Calypso needs to get its act together!
Minister Nyan Gadsby-Dolly did not think very much of TUCO’s handling of calypso in 2020 and she pulled no punches in letting the world know. Her unflattering comments on TV6 revealed disapproval of the decision to keep Kaisorama and the art form’s Carnival Thursday showpiece competition separate.
On the evidence of the attendance at the Queen’s Park Savannah events, that decision simply does not seem defensible.
Because if the showpiece can’t pass muster…
About one week after the Minister, the artiste who walked away with the competition’s top prize revealed that she too is not happy with the state of the calypso game. She targeted the behaviour of the calypso old-stagers vis-à-vis the crop of young singers trying to make their way in the calypso world.
Two ironies: Terri Lyons is the daughter of Austin ‘Superblue’ Lyons, winner of ten Road March titles, including three in four years (1980-1983) and four in five years (1991-1995). ‘Soca Baptist’ earned the then Blueboy his first title 40 years ago so I think he can fairly be deemed an old-stager.
The Queen got no help from him?
Secondly, ‘Meghan my dear,’ one of Lyons’ winning numbers, is manifestly an adaptation from Sparrow’s classic ‘Phillip my dear.’ Moreover, its punch line is inspired by Sparrow’s 1965 classic, ‘Congo man.’ Lyons called no names but, even if she credits someone else with assisting her in crafting the final version of ‘Meghan,’ surely she owes Birdie a little debt of gratitude?
Clearly, Lyons’ focus is elsewhere. Looking at the big picture, she’s complaining on behalf of those who are not fortunate enough to have a multiple Road March winner’s blood flowing through their veins. But is she on the ball or off the mark? Is calypso in the 2020s likely to benefit from the advice of those who date from before the massive media explosion of the early 1990s, its heyday?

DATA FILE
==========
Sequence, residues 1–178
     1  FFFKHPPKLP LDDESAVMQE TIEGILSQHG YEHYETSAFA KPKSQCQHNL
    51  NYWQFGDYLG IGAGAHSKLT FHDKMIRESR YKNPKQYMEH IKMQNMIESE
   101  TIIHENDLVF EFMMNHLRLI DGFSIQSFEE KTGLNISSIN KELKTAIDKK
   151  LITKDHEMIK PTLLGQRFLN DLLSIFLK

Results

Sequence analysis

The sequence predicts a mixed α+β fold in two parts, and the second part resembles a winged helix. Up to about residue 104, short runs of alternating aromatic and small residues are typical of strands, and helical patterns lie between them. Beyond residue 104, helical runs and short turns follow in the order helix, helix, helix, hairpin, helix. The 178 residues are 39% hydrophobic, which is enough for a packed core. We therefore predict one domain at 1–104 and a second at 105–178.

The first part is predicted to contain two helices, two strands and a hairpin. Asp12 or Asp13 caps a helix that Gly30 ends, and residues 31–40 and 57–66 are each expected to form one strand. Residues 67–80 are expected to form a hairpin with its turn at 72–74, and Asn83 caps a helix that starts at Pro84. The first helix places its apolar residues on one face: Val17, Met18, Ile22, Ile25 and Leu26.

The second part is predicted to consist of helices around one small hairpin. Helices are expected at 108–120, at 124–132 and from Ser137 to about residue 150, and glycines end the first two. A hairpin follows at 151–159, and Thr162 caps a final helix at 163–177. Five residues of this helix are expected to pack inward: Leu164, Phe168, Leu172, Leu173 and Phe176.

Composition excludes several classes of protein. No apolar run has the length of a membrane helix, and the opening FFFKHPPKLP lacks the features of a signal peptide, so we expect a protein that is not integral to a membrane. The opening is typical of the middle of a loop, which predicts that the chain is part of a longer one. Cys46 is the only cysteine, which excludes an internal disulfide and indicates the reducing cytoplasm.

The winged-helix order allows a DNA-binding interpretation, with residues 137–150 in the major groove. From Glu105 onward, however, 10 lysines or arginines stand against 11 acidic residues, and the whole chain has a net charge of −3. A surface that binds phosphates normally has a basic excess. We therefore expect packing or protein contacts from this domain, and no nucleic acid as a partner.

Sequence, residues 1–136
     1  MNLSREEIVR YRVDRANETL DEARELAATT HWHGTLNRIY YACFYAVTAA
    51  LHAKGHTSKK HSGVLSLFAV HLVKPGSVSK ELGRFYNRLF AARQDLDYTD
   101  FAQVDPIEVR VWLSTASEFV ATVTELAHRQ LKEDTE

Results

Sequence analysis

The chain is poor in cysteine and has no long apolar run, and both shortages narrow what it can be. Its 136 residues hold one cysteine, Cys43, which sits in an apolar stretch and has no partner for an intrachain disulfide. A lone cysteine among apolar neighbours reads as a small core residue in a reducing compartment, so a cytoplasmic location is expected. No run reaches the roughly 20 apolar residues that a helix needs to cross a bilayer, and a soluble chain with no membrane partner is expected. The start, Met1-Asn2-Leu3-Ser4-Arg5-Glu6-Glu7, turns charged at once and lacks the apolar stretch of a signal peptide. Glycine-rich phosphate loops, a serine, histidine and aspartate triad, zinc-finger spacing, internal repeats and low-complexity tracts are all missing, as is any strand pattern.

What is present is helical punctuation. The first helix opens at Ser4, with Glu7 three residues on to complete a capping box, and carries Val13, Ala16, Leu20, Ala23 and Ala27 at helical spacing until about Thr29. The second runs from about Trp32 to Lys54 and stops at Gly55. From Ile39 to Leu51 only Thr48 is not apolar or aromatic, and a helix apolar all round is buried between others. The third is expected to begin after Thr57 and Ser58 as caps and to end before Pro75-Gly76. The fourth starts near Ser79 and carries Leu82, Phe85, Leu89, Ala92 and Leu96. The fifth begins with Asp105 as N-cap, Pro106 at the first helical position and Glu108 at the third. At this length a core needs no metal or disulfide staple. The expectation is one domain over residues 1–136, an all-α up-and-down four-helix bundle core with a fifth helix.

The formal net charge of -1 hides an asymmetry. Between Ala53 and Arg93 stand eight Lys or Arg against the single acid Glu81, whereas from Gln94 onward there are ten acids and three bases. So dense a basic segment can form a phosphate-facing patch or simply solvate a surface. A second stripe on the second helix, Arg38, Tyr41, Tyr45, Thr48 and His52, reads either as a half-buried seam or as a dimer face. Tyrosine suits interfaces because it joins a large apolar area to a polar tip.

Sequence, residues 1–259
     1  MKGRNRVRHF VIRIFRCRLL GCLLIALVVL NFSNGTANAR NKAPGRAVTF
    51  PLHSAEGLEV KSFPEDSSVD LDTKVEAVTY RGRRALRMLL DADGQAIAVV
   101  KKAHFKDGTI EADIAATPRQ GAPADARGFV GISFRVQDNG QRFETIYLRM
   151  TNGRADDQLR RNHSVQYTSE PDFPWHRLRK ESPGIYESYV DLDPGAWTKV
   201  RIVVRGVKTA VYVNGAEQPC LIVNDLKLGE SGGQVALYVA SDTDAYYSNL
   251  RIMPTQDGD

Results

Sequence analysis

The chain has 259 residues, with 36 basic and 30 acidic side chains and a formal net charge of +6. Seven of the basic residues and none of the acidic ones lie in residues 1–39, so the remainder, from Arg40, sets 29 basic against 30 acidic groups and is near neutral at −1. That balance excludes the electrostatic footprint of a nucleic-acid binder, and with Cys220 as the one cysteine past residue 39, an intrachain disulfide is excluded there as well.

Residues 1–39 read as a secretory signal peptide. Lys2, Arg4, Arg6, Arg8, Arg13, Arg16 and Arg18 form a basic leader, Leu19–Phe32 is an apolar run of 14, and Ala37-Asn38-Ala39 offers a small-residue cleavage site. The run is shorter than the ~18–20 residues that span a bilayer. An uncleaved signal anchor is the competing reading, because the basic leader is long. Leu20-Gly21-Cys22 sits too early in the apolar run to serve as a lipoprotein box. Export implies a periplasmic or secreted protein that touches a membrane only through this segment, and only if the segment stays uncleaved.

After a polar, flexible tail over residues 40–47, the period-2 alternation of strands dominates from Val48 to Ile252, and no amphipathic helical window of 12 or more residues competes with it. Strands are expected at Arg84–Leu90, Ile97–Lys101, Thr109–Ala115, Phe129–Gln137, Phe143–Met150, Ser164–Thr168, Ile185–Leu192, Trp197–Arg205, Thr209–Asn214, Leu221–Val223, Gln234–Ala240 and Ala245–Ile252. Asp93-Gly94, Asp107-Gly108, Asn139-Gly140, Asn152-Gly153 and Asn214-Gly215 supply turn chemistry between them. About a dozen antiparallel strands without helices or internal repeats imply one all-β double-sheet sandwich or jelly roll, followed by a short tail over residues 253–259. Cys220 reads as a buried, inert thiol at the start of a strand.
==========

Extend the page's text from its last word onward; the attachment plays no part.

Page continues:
I think not. If Chalkdust and Gypsy are the answer, as Mr Live Wire might say, we’re obviously asking the wrong question.
Let’s compare West Indies cricket, which also had its best days pre-1990. Of the three W’s, undisputed West Indies batting icons of a bygone era, Sir Everton Weekes alone survives. His 81 Test innings yielded 4455 runs, including five consecutive centuries but not one six!
Neither Garry Sobers, Vivian ‘Master Blaster’ Richards nor Brian ‘Prince of Port-of-Spain’ Lara has a consistent role mentoring today’s WI batsmen. So how helpful would old-stager Weekes’ advice be to Nicholas Pooran or Shimron Hetmyer, whose ultimate goal is a durable IPL place?
The reality is that, although Chalkdust’s ‘Learn from Arithmetic’ was deemed good enough to claim the 2017 crown and take his overall tally to nine, as a general rule, the calypso old-stagers have not given a particularly good account of themselves in the 21st century.
Superblue apart, only 2000 Monarch and 1974 Road March King Shadow, who scored with ‘Stranger’ in 2001, has a post-turn-of-the-century lien on the Road March trophy.